Aquarium plants tend to be fairly isolated in their aquatic habitats, which helps keep them safe from most plant diseases. However, there are a few issues that can permeate the security of the fish bowl, so you need to keep an eye on your watery ecosphere to make sure that nothing is quietly demolishing your plants right under your very nose. There are few types of aquarium plant disease to look out for, so your job should be pretty easy.
Cryptocoryne disease, also called cryptocoryne rot, causes small holes to appear in the centers of the leaves of aquarium plants. Left unchecked, these holes will spread and eventually break down the entire plant. If you detect this rot, remove all dead and decaying plant materials, clean the substrate in the tank and replace as much of the water as possible (called a "large water change"). This disease may be caused by excess nitrate, so get your aquarium on a regular maintenance schedule and clean it regularly.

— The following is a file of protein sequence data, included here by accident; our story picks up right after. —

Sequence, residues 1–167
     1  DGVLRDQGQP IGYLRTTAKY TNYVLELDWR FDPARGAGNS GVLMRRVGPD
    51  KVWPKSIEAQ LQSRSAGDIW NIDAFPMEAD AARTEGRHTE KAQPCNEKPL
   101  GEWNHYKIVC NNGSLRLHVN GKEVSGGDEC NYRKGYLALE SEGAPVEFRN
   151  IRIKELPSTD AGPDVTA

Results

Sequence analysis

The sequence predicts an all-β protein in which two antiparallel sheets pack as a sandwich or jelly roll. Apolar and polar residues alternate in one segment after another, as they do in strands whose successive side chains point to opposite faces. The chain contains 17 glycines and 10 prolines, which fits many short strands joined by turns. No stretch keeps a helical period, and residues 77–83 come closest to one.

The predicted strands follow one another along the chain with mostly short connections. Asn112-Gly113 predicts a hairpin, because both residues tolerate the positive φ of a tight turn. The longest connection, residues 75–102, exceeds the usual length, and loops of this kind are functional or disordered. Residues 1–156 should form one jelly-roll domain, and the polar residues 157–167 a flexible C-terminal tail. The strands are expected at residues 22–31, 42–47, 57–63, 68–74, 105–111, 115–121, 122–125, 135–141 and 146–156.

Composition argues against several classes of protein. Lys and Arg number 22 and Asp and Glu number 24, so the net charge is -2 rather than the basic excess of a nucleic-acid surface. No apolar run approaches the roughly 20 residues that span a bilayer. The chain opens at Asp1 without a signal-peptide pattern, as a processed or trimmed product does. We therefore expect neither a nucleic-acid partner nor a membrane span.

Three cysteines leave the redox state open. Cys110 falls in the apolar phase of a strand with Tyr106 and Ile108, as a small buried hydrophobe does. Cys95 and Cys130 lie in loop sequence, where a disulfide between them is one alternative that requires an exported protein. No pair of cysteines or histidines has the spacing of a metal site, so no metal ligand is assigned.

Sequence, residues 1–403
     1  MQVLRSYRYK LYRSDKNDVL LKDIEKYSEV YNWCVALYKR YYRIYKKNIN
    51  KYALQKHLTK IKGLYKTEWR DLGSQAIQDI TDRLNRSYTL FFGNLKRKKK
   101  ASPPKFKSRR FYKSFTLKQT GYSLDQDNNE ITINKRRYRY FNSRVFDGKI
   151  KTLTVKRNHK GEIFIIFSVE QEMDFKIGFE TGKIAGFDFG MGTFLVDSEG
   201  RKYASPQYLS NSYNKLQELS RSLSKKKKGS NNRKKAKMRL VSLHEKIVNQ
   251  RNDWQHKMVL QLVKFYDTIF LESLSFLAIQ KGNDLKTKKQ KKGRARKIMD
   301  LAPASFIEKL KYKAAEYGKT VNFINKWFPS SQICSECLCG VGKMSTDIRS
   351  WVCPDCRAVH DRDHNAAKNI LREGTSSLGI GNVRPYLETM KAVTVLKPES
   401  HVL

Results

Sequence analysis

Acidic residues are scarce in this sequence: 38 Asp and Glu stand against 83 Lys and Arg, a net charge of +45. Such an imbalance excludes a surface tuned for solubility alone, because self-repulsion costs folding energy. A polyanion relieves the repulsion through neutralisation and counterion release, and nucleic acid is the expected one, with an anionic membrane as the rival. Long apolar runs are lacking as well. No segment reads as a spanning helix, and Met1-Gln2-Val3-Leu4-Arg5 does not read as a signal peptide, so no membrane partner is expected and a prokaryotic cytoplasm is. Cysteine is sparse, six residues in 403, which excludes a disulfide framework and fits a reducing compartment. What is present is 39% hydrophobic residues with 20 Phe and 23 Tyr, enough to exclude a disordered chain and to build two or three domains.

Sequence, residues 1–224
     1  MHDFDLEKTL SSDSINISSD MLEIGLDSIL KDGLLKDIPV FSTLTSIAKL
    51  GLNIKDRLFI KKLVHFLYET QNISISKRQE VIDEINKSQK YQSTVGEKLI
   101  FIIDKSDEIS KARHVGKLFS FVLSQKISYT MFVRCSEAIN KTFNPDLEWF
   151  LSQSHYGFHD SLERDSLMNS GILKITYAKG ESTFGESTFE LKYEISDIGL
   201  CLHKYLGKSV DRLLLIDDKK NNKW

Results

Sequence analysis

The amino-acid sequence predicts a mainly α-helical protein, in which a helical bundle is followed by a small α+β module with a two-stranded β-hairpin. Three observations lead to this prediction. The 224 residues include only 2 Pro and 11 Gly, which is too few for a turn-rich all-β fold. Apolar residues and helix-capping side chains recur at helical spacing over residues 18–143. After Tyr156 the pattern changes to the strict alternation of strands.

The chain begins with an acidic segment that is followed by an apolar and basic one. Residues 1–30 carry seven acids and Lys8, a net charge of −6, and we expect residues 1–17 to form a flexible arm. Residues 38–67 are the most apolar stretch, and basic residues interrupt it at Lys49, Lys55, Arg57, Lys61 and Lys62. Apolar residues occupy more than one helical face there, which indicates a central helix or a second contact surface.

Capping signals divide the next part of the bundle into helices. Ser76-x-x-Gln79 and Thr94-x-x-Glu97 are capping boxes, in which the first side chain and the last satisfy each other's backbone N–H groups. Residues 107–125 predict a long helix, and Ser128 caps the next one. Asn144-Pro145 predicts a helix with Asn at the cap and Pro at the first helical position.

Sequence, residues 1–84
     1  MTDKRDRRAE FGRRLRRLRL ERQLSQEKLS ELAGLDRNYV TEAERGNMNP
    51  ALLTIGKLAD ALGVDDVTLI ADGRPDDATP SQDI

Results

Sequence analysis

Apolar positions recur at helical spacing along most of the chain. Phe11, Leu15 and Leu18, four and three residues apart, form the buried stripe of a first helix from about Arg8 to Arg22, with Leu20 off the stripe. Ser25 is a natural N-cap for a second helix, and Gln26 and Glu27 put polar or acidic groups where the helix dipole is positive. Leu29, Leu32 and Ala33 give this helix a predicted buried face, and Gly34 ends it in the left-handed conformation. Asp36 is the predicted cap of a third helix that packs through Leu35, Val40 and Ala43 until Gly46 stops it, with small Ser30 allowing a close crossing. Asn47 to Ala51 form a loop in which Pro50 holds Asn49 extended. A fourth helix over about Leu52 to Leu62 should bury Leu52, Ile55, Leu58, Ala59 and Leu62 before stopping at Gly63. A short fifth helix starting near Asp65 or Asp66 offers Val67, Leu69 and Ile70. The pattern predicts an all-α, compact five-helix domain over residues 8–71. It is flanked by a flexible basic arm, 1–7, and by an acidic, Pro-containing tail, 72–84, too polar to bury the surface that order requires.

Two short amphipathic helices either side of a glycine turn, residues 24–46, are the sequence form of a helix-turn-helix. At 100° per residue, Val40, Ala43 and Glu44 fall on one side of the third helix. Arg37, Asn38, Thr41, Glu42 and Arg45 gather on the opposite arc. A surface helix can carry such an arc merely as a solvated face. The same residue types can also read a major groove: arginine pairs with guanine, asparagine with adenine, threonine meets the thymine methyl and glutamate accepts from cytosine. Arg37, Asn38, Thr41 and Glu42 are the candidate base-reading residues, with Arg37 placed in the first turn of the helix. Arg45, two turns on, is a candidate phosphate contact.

Iron chlorosis causes the leaves of plants to turn yellow, then almost clear (like glass), and finally become very brittle and rot away. It is generally a result of an iron or potassium deficiency or too much fertilization with phosphate. Use an iron-rich fertilizer to remedy the problem and remove affected leaves. The plant should be able to repair itself with this help.
If the weather outside is excessively dry, aphids and other small insects may start colonizing your aquarium plants. You will be able to see small, dark or green specks on the plants, and the leaves will start to look wilted and crumpled. Once you spot the problem, remove heavily affected areas of the plants and rinse them in fresh water. Make sure that all of the insects are gone before you replace the plants in the tank.